Half-Life

Radioactive elements goes through decay at different rates. The time it takes for the element to degrade by half is called a half-life. Learn more here.

Half-Life Learning Targets:

  • Be able to define half-life
  • Determine the amount of radioactive substance remaining after an amount of time (mathematically and visually with a table)
  • Determine the amount of radioactive substance remaining after a number of half lives (mathematically and visually with a table)

Half Life of Common Radioactive Isotopes

A half-life is the time it takes for half of the radioactive sample to decay.

  • Half lives range from a fraction of a second to billions of years.
  • The length of a half life is shorter the less stable the radioactive isotope.

Radiometric Dating

Radiometric dating is a process of determining the age of an object by the amount of radioactive isotope that has degraded from an initial sample.

Carbon-14 is a radioactive form of carbon used for radiometric dating of once living organisms.

Carbon-14 has a half-life of 5,730 years.  All life molecules have Carbon, testing the amount of radioactive carbon present in a sample can determine its age.

An archaeologist that tests a bone and finds it has half the normal amount of radioactive carbon-14 just determined its age is 5,730 years old.

The half-life of Radium-226 is 1600 years.  This means a 1 kg radioactive sample today would decay to a 1/2 kg radioactive sample after 1600 years.

Analyze the table along with the animation to identify the pattern and relationship between number of half-lives, kilograms of radioactive sample size, nonradioactive sample size, and percent decayed.

 Half Lives Radioactive Nonradioactive Percent Decayed
0 1 kg 0 kg 0%
1 1/2 kg 1/2 kg 50%
2 1/4 kg 3/4 kg 75%
3 1/8 kg 7/8 kg 87.5%

Half Life Equations

We will work through a few sample problems on this page using a table form and the following equations.

y=1/(2n)

T1/2 = t/n

  • y represents the fraction of radioactive material remaining
  • n represents the number of half lives
  • T1/2 represents the length of one half life

Guided Half-Life Example

A. How much of the original radioactive material remains after four half-lives?

Givens List:

    • n = 4
    • y=?

Equation:

    • y=1/(2n)

Work:

    • y=1/(24)
    • y= 1/16 or 0.0625

B. How much of a 56 gram radioactive sample radioactive remains after four half-lives?

First: Find the fraction left

Givens List:

    • n = 4
    • y=?

Equation:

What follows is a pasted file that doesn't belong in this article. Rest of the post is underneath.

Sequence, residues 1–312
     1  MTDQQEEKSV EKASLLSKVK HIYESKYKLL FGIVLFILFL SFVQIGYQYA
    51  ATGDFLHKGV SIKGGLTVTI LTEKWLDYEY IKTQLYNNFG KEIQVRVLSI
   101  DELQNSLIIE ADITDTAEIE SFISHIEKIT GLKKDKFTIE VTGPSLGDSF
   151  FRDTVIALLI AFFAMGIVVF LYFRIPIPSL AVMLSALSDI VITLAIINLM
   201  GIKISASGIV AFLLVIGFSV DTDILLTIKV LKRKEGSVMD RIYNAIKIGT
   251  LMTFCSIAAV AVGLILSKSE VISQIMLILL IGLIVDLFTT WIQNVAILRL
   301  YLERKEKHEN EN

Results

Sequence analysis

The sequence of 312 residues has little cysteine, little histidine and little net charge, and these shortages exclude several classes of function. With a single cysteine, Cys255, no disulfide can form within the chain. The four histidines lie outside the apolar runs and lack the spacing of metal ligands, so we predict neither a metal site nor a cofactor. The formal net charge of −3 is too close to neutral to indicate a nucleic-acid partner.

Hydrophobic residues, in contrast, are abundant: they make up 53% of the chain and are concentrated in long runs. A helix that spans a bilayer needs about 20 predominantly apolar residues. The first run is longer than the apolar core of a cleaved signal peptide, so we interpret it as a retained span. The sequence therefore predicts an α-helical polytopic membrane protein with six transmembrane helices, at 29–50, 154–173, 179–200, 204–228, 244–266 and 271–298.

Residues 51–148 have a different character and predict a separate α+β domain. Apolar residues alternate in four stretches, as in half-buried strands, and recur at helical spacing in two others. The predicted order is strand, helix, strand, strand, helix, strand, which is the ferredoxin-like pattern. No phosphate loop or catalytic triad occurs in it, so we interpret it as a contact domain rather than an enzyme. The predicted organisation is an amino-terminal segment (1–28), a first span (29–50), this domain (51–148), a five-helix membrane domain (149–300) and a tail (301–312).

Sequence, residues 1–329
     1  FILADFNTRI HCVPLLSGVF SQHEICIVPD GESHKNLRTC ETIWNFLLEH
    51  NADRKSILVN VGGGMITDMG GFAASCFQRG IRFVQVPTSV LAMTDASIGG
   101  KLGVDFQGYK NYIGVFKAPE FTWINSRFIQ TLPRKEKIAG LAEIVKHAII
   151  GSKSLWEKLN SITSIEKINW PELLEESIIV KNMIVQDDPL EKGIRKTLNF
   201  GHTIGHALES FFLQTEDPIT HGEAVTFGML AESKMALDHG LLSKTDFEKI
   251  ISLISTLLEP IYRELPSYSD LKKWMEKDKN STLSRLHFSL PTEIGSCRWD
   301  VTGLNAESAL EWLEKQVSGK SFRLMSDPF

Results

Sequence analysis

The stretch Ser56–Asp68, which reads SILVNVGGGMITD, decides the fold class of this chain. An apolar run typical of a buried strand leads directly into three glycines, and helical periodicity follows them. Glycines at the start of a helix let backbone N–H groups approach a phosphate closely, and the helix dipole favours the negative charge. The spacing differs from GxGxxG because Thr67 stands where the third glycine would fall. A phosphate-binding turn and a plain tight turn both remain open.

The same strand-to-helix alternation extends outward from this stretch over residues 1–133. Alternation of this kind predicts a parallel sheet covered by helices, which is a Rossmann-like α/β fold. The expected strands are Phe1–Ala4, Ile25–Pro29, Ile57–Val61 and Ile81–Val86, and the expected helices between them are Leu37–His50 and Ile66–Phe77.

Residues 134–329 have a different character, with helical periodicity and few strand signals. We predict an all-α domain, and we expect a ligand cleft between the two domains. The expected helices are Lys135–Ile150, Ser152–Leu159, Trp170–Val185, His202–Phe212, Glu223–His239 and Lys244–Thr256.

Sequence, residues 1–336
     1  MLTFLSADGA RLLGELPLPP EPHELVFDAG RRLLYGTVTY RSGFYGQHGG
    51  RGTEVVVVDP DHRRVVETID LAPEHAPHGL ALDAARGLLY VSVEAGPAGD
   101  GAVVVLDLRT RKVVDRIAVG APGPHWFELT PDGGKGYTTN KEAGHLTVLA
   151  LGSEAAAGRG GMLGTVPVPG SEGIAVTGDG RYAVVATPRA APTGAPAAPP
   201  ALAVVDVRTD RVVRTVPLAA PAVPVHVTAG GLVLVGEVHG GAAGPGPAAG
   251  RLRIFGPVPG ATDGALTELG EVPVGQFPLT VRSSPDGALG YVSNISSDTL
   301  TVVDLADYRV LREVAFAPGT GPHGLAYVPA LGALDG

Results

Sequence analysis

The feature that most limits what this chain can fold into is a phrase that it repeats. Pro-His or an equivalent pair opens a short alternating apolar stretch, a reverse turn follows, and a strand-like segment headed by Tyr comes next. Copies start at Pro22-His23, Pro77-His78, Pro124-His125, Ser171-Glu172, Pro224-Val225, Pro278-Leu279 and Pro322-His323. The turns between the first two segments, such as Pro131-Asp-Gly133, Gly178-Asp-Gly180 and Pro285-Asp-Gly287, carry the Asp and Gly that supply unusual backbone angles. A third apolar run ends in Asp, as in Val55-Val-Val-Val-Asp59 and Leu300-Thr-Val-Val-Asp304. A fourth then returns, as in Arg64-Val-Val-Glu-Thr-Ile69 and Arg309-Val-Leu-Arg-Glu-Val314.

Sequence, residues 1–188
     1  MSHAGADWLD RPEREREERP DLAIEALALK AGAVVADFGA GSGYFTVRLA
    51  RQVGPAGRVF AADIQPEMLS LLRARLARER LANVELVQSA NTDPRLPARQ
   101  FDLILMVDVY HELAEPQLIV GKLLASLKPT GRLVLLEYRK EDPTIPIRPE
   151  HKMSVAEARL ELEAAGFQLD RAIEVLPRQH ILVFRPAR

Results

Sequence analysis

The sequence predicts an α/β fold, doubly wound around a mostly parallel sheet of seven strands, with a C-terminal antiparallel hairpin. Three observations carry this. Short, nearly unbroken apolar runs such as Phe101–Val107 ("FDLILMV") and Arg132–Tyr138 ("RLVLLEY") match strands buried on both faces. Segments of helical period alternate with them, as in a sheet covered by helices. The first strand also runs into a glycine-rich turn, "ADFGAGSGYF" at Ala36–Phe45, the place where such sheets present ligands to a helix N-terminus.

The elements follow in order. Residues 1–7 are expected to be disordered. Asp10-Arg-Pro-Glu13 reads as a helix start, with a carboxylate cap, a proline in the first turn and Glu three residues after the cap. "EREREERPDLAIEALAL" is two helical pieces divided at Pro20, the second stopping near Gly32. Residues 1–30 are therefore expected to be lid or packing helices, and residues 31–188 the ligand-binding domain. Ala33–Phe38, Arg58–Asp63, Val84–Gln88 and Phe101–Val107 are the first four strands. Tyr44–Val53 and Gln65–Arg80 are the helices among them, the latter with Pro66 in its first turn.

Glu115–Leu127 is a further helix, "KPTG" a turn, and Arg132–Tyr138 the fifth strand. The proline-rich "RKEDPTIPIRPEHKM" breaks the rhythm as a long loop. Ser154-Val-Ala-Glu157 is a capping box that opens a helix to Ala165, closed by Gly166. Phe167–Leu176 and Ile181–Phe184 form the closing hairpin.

• y=1/(2n)

Work:

    • y=1/(24)
    • y=0.0625

Second: Multiply the fraction by the original sample size

0.0625 x 56 grams = 3.5 grams of a radioactive sample remains

Using a table to answer example A and B above

#1 Make a table as seen below starting with 0 half lives and columns for any necessary information.  Fill in one in this column if asked about a fraction, fill in 100% if asked about a percent.

#2 Fill in the table with an extra row for every half life until you get to the number of half-lives in the question

Radioactive Half-Life Table

#3 The completed table here could be used to answer questions about the fraction or sample remaining for up to four half-lives of a 56 gram sample.

Completed Half-Life Table

C. How long is a half-life for a substance that has 2.5 half lives every 50,000 years?

Givens:

    • n = 2.5
    • t = 50,000 years
    • T1/2 = ?

Equation:

    • T1/2 = t/n

Work:

    • T1/2 = 50000/2.5
    • T1/2 = 20,000 years

D. A 100 gram unknown radioactive material has a half-life of 4000 years. How many grams of the radioactive sample will remain after 20,000 years?

Step 1: Determine the number of half-lives

Givens: 

    • T1/2 = 4000 years
    • t = 20,000 years

Starting Equation:

    • T1/2 = t/n   rearranges to n = t/T1/2

Work:

    • n = 20000/4000
    • n = 5

Step 2: find the fraction left after five half-lives

Givens: 

    • y = ?
    • n = 5

Equation:

    • y =1/(2n)

Work:

    • y =1/(25)
    • y = 0.03125

Step 3: Multiply the fraction by the original sample mass

0.03125 x 100 g = 3.125 grams

Example Problems

Note: You can use a table or math for any of the following examples

1. What percentage of radioactive substance remains after ten half-lives?

y = 1/(2n)

y = 1/(210)

y = 0.0009765625

Multiply by 100 to get a percent from a fraction

0.0009765625 x 100 = 0.098 percent

2. If a substance starts out with 400g, how much remains after five half-lives?

Make a table and cut 400 grams in half five times

Number of Half Lives Radioactive

Sample Size

0 400 kg
1 200 kg
2 100 kg
3 50 kg
4 25 kg
5 12.5 kg

12.5 kg of radioactive substance remains

3. How many complete half-lives have occurred if 12.5% of the original radioactive material remains?

Start with 100% and keep on adding a half life until you get to 12.5%

Number of Half Lives Radioactive percent
0 100%
1 50%
2 25%
3 12.5%

3 half-lives occurred

4. How many complete half-lives have occurred is 18.75 grams of an originally 600 gram radioactive substance remains?

Make a table and cut the 600g sample in half until you get to 18.75 grams

Number of Half Lives Radioactive Sample
0 600g
1 300g
2 150g
3 75g
4 37.5g
5 18.75g

After 5 half lives a 600 g sample decays to 18.75 grams

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